Flocculant dosages (expressed as pounds of active polymer per ton of slime) were determined from the measured flow rates of diluted polymer flocculant solution (of a known concentration) and slime (both in cubic centimeters/minute, cc/min) and the weight percent solids of the feed slime. Underflow solids (expressed as the weight % of solids in the underflow stream) were obtained after 30 minutes running time by removing two underflow samples and drying them to a constant weight under heat lamps. The data are reported as (weight %) underflow solids versus (1lbs./ton) flocculant dose in FIGS. 1-7 of the drawings.
FIG. 1 of the drawings compares the flocculating efficienty of four different polymers (identified in FIG. 1 using the same numbers as below) on the same beige Florida phosphate slime:
(1) the terpolymer of Example 19;
(2) a prior art copolymer believed to contain 12 mole % sodium "AMPS" and 88 mole % acrylamide;
(3) a 75 mole % acrylamide/ 25 mole % sodium acrylate copolymer (available from the Nalco Chemical company under its tradename Nalco 7873); and
(4) a 54.2 mole % acrylamide/4.7 mole % vinyl acetate/41.1 mole % sodium acrylate terpolymer (of the type described in the aforementioned U.S. Pat. No. 4,529,782). Based on FIG. 1, it is apparent that the terpolymer of the present invention is significantly more efficient, in this slime, than the other polymers tested, especially at dosages above about 0.1 lbs/ton.
FIGS. 2 and 3 show the results of similar comparisons, using the same polymers as in FIG. 1, on two different Florida gray phosphate slimes. Based on the data shown in FIGS. 2 and 3, the polymer of the present invention is more efficient in these slimes in comparison to the other polymers tested.
FIG. 4 shows the flocculation efficiency, in a beige Florida phosphate slime, of:
(1) a 12.4 mole % sodium "AMPS"/87.6 mole % acrylamide copolymer prepared by a dual-initiator process as in Example 10;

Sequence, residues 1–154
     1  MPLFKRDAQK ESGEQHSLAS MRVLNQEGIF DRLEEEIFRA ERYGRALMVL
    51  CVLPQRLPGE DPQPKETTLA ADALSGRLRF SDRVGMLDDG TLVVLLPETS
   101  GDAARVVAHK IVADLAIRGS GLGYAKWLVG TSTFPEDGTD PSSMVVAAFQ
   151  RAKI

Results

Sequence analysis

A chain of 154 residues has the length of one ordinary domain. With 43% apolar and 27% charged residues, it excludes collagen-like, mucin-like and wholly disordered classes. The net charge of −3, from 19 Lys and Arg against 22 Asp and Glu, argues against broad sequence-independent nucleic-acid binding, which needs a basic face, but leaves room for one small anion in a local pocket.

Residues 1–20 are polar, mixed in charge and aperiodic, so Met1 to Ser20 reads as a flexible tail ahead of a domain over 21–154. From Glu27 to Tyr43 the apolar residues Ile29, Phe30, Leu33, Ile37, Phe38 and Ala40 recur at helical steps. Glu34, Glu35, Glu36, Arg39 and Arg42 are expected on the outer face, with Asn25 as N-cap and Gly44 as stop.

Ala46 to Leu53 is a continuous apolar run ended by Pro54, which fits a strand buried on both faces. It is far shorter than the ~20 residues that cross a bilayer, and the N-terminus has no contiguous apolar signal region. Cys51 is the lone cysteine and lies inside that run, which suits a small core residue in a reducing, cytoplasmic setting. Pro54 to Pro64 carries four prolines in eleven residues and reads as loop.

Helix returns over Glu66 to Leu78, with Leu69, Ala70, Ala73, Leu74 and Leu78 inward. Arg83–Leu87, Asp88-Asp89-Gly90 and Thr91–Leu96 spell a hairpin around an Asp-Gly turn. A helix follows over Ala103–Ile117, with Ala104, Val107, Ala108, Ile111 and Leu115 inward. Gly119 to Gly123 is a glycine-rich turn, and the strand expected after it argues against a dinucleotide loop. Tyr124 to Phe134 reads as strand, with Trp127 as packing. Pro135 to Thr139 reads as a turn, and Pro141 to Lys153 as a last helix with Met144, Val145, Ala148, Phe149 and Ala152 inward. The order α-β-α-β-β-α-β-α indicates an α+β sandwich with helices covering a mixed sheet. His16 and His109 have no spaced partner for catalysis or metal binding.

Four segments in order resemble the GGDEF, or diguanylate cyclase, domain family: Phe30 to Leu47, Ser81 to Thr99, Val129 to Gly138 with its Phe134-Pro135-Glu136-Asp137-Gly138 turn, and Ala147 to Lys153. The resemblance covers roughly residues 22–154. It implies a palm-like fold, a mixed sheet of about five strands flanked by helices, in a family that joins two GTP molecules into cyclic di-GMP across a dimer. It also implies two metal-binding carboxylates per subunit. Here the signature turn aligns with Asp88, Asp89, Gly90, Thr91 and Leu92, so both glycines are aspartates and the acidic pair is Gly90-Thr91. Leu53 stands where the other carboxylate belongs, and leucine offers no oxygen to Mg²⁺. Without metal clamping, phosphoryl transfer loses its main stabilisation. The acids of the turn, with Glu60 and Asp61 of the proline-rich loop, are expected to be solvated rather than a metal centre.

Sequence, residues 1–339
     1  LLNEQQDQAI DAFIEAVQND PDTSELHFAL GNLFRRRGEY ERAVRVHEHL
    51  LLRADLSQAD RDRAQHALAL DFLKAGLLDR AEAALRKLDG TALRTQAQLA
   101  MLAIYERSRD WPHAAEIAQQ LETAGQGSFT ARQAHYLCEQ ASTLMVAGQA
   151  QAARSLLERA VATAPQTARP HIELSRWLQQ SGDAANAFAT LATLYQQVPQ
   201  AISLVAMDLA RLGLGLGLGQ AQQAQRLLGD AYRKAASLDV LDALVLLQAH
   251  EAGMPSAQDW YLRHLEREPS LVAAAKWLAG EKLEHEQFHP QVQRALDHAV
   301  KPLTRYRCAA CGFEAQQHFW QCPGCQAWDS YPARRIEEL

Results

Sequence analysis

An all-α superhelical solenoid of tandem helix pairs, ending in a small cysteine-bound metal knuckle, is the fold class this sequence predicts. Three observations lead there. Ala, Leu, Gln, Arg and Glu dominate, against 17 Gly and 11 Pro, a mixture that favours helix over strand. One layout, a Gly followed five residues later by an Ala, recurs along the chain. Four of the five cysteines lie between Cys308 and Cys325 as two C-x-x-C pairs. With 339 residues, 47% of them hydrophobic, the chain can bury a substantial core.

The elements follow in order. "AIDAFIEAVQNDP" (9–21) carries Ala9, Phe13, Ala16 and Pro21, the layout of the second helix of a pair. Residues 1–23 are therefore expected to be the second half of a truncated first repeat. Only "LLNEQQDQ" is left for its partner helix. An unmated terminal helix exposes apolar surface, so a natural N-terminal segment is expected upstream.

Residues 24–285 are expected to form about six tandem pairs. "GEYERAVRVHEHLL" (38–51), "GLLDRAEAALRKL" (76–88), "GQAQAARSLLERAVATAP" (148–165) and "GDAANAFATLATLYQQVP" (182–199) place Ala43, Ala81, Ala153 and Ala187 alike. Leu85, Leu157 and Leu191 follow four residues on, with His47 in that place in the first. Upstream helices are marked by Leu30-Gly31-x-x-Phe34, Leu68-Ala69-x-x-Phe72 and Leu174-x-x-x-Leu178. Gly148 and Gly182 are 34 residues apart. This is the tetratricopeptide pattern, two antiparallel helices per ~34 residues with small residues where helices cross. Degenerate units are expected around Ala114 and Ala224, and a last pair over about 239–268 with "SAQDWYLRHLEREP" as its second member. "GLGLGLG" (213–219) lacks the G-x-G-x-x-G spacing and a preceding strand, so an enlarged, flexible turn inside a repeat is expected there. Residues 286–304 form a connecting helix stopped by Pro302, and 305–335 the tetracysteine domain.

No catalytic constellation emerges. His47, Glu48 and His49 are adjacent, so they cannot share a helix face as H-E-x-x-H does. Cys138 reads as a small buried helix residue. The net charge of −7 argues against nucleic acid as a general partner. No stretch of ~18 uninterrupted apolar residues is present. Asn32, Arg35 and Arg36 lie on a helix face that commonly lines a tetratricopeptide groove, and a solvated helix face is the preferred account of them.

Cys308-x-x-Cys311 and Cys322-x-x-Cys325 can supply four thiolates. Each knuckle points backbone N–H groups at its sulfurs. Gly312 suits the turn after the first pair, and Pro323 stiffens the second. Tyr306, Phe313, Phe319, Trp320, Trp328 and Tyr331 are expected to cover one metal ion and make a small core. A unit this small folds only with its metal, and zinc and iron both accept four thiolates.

(2) the terpolymer of Example 19; and
(3) a prior art copolymer believed to contain 12 mole % sodium "AMPS" and 88 mole % acrylamide.
FIG. 5 shows the flocculation efficiency, in a beige Florida phosphate slime believed to be low in Attapulgite clay, of:
(1) a sodium "AMPS"/acrylamide/vinlyl acetate terpolymer, prepared as in Example 10, but from a monomer emulsion containing 0.8 mole % vinyl acetate, 19.4 mole % sodium "AMPS" and 79.8 mole % acrylamide; and
(2) the same copolymer designated (1) in FIG. 4.
FIG. 6 shows the flocculation efficiency, in a gray Florida phosphate slime, of:
(1) the same copolymer designated (1) in FIG. 4;
(2) the terpolymer of Example 19; and
(3) and (4) terpolymers prepared as in Example 10 but starting from a monomer emulsion containing 2.7 mole % and 5.1 mole %, as in Examples 22 and 23 respectively, vinyl acetate rather than 1 mole % as in Example 19.
FIG. 7 shows the % underflow solids obtained as a function of the vinyl acetate contents of the same polymers as in FIG. 6, for two different dosages, in a different, beige Florida phosphate slime. The data points on the two curves at 0, 1, 2.7 and 5.1 mole % vinyl acetate represent polymers designated (1), (2), (3) and (4), respectively, in FIG. 6, whereas the other two data points represent two dosages of the prior art copolymer designated (3) in FIG. 4.
Based on the foregoing and the data shown in FIGS. 1-7, it will be appreciated that the polymers of the present invention, generally speaking, are improved flocculants in comprison to known polymeric flocculants of the prior art.
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|U.S. Classification||526/240, 210/907, 210/734, 526/287|
|International Classification||C02F1/54, C08F220/54|
|Cooperative Classification||Y10S210/907, C02F1/54, C08F220/54|
|European Classification||C02F1/54, C08F220/54|
|Oct 17, 1985||AS||Assignment|
Owner name: UNION CARBIDE CORORATION, OLD RIDGEBURY ROAD, DANB
Free format text: ASSIGNMENT OF ASSIGNORS INTEREST.;ASSIGNORS:FAN, YOU-LING;BRODE, GEORGE L.;ROSEN, MEYER R.;REEL/FRAME:004469/0792;SIGNING DATES FROM 19850917 TO 19851004
|Jan 9, 1986||AS||Assignment|
Owner name: MORGAN GUARANTY TRUST COMPANY OF NEW YORK, AND MOR
Free format text: MORTGAGE;ASSIGNORS:UNION CARBIDE CORPORATION, A CORP.,;STP CORPORATION, A CORP. OF DE.,;UNION CARBIDE AGRICULTURAL PRODUCTS CO., INC., A CORP. OF PA.,;AND OTHERS;REEL/FRAME:004547/0001
Effective date: 19860106
|Oct 8, 1986||AS||Assignment|
Owner name: UNION CARBIDE CORPORATION,
Free format text: RELEASED BY SECURED PARTY;ASSIGNOR:MORGAN BANK (DELAWARE) AS COLLATERAL AGENT;REEL/FRAME:004665/0131
Effective date: 19860925
|Jul 8, 1990||LAPS||Lapse for failure to pay maintenance fees|
|Sep 18, 1990||FP||Expired due to failure to pay maintenance fee|
Effective date: 19900708